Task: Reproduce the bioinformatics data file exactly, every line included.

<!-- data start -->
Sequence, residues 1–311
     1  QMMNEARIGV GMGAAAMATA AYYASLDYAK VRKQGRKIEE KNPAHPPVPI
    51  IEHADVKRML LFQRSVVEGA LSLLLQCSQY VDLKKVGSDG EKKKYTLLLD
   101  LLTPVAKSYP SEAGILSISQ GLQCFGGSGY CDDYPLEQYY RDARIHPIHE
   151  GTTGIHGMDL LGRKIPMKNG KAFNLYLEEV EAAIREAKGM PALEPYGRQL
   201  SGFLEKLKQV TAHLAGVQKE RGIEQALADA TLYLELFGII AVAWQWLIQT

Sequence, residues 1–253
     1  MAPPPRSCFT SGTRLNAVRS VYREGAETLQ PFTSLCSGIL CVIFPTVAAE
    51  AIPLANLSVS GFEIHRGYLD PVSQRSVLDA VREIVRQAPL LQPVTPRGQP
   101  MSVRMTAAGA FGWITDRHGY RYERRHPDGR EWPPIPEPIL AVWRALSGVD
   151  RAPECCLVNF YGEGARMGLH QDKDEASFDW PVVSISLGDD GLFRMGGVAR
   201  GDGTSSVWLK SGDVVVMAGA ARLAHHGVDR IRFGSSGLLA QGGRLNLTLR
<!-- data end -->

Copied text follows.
Sequence, residues 1–311
     1  QMMNEARIGV GMGAAAMATA AYYASLDYAK VRKQGRKIEE KNPAHPPVPI
    51  IEHADVKRML LFQRSVVEGA LSLLLQCSQY VDLKKVGSDG EKKKYTLLLD
   101  LLTPVAKSYP SEAGILSISQ GLQCFGGSGY CDDYPLEQYY RDARIHPIHE
   151  GTTGIHGMDL LGRKIPMKNG KAFNLYLEEV EAAIREAKGM PALEPYGRQL
   201  SGFLEKLKQV TAHLAGVQKE RGIEQALADA TLYLELFGII AVAWQWLIQT

Sequence, residues 1–253
     1  MAPPPRSCFT SGTRLNAVRS VYREGAETLQ PFTSLCSGIL CVIFPTVAAE
    51  AIPLANLSVS GFEIHRGYLD PVSQRSVLDA VREIVRQAPL LQPVTPRGQP
   101  MSVRMTAAGA FGWITDRHGY RYERRHPDGR EWPPIPEPIL AVWRALSGVD
   151  RAPECCLVNF YGEGARMGLH QDKDEASFDW PVVSISLGDD GLFRMGGVAR
   201  GDGTSSVWLK SGDVVVMAGA ARLAHHGVDR IRFGSSGLLA QGGRLNLTLR